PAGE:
Theatre critics “tend to live in a bubble of their own”, Nimax Theatres chief executive Nica Burns has claimed.
Burns said critics are often thin-skinned and nervous about the reaction they might get from the industry and those behind the shows they are reviewing.
Her comments came at the Critics’ Circle Centenary Conference, which took place at the Royal Central School of Speech and Drama and considered the changes to theatre criticism and its future.
She said: “I do think critics tend to live in a bubble of their own. They are often very thinskinned and slightly nervous about the reaction they may find from those they criticise, and are actually far more gentle people than we actually need to have because we [the industry] do accept that [criticism] as part of the process.”
Burns also acknowledged the importance of thoughtful criticism and expressed her concern over the recent decision by the Independent on Sunday to axe all of its arts critics.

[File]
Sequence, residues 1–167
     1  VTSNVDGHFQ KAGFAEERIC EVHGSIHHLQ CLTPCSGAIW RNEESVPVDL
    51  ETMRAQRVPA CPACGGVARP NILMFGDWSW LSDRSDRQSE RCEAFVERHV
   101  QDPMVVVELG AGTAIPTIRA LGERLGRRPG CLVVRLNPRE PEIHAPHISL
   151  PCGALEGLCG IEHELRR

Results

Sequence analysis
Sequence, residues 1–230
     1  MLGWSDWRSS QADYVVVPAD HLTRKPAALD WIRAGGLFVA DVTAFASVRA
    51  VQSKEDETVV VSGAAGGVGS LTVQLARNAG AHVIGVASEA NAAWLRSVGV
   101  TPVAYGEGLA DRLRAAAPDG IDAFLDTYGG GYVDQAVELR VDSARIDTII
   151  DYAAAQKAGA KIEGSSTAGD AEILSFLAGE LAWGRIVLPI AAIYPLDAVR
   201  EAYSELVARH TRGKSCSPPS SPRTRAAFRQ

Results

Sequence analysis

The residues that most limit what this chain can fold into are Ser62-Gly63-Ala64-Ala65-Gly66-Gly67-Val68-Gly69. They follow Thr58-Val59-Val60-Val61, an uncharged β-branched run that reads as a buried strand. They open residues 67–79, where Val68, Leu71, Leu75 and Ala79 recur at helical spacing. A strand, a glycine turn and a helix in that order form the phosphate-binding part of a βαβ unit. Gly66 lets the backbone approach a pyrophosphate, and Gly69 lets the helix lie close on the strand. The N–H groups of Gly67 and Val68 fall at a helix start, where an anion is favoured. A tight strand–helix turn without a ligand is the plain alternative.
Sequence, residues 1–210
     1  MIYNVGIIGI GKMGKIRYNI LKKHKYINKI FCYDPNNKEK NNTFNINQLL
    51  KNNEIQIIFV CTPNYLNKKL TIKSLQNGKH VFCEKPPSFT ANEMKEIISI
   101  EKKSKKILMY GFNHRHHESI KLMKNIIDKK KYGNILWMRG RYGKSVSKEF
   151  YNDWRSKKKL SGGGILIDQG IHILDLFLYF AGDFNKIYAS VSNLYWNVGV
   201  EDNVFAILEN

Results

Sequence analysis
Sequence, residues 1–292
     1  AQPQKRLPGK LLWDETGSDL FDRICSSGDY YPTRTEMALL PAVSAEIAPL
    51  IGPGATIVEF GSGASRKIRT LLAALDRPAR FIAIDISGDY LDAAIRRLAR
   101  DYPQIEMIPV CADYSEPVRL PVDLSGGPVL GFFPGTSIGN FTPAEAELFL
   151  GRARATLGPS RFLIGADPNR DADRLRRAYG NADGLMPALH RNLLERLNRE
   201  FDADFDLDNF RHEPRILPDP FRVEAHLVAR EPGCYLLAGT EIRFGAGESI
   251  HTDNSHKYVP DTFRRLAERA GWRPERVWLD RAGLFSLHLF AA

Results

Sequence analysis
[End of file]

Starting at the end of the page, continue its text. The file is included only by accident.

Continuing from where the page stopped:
“In terms of contributing to the growth of theatre and the debate about what theatre should be – we are always trying to step forward and push the envelope and grow – I think serious criticism is a space with people who really know how to write properly and lay their argument out beyond the ‘I think it’s fab’ of a tweet,” she said.
Meanwhile, Theatre Royal Stratford East artistic director Kerry Michael claimed there was often a “mismatch” between the demographics of the audience and those critics writing for print newspapers.
He said: “By 2020, half the population in London under 30 will be of dual heritage – fact. So the world is changing, society is changing and I don’t quite see it changing in British theatre.
“I love British theatre, but we’ve got to somehow catch up with what is happening in the world outside because we are part of a minority and we are getting smaller.”